This is getting ridiculous. Almost.
Christmas came early this year, Dawg fans. Savor it.
This is getting ridiculous. Almost.
Christmas came early this year, Dawg fans. Savor it.
Georgia has again reached into the transfer portal this offseason and it has landed another defensive back. Dawgs247 has learned that former Clemson cornerback Derion Kendrick is now on his way to Athens and then will join the team officially at some point in the next 24 hours.
So today, Mullen gets a raise and Smart gets a starting cornerback. I’ll take that trade all day long.
What love has joined together, don’t let no college football season take it apart.
Yeppers, that’s more than Kirby Smart’s banking. Those 8-4 seasons are getting expensive as hell.
David Ubben looks over UT’s 2021 schedule in order of importance ($$) and has this to say about the Georgia game:
Three of Tennessee’s proudest moments under Pruitt came against Georgia, despite being rolled in all three games. A third-quarter rally in 2018 left Pruitt choked up in the postgame press conference as he recounted it. In 2019, Brian Maurer hit Marquez Callaway for a 73-yard touchdown pass in his first career start to ignite Neyland Stadium and make Maurer feel like the future. And in 2020, the Vols trotted into halftime after a goal-line stand preserved their lead and felt like they might be turning a corner before the bottom fell out on the season and the Pruitt era. This is not a game Tennessee can win, but can it produce another memorable moment? I wouldn’t rule it out.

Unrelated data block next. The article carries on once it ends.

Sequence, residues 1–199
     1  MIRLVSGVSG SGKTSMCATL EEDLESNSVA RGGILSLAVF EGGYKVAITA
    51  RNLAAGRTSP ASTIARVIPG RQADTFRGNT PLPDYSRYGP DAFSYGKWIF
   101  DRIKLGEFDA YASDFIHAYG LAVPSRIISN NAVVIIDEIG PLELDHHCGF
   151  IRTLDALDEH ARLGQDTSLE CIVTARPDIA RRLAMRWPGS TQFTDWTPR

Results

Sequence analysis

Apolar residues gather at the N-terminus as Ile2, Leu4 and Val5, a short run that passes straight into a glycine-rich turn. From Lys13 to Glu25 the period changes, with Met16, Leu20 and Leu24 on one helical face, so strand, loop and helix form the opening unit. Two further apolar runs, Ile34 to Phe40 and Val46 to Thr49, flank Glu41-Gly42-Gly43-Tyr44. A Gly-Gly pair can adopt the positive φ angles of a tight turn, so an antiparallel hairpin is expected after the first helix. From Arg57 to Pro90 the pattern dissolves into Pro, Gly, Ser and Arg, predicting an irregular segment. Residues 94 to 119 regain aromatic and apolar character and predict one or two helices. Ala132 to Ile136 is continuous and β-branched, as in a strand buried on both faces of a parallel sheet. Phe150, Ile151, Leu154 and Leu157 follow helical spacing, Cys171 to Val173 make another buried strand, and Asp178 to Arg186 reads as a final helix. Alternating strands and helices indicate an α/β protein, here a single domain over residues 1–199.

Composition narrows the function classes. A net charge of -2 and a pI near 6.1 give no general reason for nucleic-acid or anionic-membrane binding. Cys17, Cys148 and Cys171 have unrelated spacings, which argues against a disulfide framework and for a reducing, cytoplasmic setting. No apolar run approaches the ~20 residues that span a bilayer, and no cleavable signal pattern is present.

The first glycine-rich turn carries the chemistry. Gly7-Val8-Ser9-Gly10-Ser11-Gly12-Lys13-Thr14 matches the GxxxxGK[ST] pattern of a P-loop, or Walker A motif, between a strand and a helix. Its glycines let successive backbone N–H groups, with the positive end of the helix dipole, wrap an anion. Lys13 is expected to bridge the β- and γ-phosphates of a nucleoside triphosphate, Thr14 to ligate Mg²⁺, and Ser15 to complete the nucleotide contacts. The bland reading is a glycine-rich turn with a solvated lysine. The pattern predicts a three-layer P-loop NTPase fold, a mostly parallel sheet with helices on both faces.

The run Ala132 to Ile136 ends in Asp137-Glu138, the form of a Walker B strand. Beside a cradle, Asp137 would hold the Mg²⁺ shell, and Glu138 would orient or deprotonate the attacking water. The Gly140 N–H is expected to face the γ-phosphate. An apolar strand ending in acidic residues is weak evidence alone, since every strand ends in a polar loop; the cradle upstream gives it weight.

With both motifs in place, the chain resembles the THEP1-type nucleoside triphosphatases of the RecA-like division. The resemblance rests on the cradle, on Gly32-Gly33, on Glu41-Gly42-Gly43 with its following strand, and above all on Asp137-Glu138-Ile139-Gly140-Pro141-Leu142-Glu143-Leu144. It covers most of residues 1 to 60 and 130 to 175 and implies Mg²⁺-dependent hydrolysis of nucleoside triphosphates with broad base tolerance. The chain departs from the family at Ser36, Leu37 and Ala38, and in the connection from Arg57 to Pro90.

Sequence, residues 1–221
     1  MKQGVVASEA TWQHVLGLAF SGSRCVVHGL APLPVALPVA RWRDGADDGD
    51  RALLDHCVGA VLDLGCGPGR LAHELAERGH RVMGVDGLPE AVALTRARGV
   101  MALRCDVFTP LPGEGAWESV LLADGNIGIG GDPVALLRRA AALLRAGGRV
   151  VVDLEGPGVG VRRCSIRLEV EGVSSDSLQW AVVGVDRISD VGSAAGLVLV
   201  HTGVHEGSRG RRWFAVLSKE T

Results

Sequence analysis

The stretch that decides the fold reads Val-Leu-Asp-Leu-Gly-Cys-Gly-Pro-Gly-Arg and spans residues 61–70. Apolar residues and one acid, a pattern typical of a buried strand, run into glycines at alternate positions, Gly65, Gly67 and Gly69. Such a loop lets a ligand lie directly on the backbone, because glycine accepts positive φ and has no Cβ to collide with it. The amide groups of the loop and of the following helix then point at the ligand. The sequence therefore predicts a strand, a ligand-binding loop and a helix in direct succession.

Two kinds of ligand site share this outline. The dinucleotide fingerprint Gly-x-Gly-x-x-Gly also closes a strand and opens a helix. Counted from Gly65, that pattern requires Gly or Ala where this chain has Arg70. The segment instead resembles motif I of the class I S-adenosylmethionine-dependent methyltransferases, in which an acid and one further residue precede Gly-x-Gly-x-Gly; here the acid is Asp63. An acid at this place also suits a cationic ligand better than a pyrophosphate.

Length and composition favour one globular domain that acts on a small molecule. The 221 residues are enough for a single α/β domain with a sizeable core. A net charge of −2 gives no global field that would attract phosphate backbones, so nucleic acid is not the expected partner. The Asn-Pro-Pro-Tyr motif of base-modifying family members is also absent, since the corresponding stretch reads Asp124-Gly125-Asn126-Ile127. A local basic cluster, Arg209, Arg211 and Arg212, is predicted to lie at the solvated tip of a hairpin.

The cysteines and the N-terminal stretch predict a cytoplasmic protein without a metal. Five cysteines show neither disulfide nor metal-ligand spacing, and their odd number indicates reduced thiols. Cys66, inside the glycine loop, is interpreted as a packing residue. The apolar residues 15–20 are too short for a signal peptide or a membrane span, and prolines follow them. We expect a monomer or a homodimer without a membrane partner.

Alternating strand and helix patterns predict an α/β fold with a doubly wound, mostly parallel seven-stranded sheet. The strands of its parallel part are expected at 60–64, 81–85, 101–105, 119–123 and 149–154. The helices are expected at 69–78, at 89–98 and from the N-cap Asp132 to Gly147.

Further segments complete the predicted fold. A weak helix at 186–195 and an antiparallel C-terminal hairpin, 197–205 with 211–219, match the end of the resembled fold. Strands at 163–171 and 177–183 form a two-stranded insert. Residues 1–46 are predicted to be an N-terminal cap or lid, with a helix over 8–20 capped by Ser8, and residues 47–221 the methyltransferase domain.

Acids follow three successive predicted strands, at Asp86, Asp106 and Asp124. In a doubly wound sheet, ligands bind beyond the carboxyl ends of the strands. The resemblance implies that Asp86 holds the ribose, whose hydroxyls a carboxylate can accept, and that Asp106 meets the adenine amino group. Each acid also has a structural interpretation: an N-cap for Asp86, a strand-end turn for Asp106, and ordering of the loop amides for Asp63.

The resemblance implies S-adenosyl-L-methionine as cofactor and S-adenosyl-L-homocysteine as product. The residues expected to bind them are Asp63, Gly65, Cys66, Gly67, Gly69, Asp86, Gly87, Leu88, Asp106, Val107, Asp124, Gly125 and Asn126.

Just a reminder: Georgia’s average margin of victory in those three games was 26 points. Proud!
If Ubben’s being sarcastic, that’s pretty funny. Hell, even if he isn’t, it’s pretty funny.
UPDATE: He wasn’t being sarcastic.
June, 2021: college football roster management’s perfect storm ($$).
After a dead period that spanned more than a year, the college football recruiting world is returning to normal. And it’s not a small step toward normalcy — it’s a cannonball into the pool of official visits, evaluation camps and a new NCAA rule that allows for head coaches and their assistants to evaluate prospects one-on-one on campus. At the same time, coaches are having to formulate recruiting plans while considering the impact of the new one-time transfer rule and the looming name, image and likeness legislation. It’s all happening at the same time.